"ACR does not apply to streaming channels on Roku," a spokeswoman tells us. "Opting out of ACR does not affect collection of information about the use of Roku streaming channels."

Under Advertising, you can also choose to limit ad tracking. You may still see ads—which could appear on Roku services or third-party channels—but they won't be personalized. And while Roku will let channel partners know your preferences, it's up to them to choose to abide by them.

Photo of the Vizio SmartCast TV's Terms & Conditions screen.
Vizio SmartCast TVs require you to accept Google's privacy policy.
Photo: Michael A. Smith

Shut It Off on Vizio TVs

Almost all Vizio TVs now use the SmartCast smart-TV system, which is based on Google’s Chromecast technology. And that means you have to agree to Google's privacy policy—there's no opt-out.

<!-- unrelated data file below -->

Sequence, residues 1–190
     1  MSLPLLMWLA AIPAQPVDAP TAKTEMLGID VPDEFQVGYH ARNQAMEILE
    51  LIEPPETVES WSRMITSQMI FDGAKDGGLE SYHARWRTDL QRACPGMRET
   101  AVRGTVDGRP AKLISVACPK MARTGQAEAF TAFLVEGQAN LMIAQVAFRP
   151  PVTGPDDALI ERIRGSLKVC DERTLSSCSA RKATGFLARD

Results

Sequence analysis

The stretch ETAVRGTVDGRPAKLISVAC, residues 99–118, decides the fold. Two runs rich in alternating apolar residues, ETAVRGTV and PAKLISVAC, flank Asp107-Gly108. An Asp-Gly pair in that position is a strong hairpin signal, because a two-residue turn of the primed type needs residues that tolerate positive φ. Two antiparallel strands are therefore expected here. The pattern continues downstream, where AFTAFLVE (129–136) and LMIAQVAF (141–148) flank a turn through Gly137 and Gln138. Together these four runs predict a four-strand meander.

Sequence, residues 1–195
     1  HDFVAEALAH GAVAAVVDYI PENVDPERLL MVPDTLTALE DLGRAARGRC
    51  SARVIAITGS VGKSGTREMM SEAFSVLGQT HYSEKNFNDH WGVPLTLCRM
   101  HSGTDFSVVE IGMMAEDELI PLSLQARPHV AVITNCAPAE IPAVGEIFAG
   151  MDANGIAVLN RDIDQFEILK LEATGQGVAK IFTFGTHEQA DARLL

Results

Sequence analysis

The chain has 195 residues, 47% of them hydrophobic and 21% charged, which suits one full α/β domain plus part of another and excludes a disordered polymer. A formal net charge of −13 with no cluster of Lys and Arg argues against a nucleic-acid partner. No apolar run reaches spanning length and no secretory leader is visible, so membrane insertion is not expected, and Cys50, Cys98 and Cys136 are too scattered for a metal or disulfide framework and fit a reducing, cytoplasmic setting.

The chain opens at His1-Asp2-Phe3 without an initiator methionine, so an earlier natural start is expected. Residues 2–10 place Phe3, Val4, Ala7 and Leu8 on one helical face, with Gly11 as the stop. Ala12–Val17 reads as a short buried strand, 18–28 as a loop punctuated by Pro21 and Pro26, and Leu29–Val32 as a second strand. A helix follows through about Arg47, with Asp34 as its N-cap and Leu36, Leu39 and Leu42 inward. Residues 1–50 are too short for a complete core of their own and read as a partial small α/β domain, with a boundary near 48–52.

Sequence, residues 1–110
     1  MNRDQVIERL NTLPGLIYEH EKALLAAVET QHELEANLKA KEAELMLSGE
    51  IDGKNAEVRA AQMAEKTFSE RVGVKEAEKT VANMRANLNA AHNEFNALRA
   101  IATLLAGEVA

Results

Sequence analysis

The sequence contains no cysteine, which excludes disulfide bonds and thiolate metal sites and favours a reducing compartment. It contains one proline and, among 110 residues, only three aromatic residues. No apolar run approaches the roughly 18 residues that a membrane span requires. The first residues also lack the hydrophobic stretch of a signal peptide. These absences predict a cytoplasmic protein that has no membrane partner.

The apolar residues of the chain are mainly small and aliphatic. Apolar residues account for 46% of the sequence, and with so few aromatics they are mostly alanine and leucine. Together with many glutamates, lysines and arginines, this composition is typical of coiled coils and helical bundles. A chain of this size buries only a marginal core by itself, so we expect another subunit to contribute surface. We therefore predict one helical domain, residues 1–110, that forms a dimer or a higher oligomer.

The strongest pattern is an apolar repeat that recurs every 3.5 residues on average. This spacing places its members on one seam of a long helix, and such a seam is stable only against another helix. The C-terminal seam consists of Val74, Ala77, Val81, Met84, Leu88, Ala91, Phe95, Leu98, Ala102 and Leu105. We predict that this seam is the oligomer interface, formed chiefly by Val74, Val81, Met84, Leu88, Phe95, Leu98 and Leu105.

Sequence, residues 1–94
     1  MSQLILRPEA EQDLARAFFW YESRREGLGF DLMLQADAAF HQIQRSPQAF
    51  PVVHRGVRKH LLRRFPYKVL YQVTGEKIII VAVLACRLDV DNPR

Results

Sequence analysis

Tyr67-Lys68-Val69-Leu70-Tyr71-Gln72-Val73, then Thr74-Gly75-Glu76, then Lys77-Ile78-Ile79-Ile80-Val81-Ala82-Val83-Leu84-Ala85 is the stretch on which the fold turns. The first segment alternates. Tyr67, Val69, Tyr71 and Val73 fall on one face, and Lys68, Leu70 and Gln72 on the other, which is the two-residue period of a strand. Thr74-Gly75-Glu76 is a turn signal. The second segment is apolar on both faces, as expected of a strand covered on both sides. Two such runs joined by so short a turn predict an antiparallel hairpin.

To turn off ACR using the Vizio app on a mobile device or the TV’s remote control, select System, then click on Reset & Admin.

Next, highlight Viewing Data. On new sets you can toggle up and down between the on and off settings, while on older TVs you can press the right/left arrow keys.

Older Vizio models, plus just a few of Vizio’s newer sets, use a platform called Vizio Internet Apps (VIA), rather than SmartCast.

If you have a VIA television, start with the System setting. In a menu called Reset & Admin, highlight Smart Interactivity—the older name for Viewing Data—and press the right arrow to disable the ACR.

Shut It Off on Amazon Fire TV Edition TVs

One of the newest smart TV systems is the Amazon Fire TV Edition platform, which can be found on some models from Insignia and Toshiba sets sold through Best Buy. The settings should be identical on all Amazon Fire TVs. (We used a Toshiba to compile these directions.)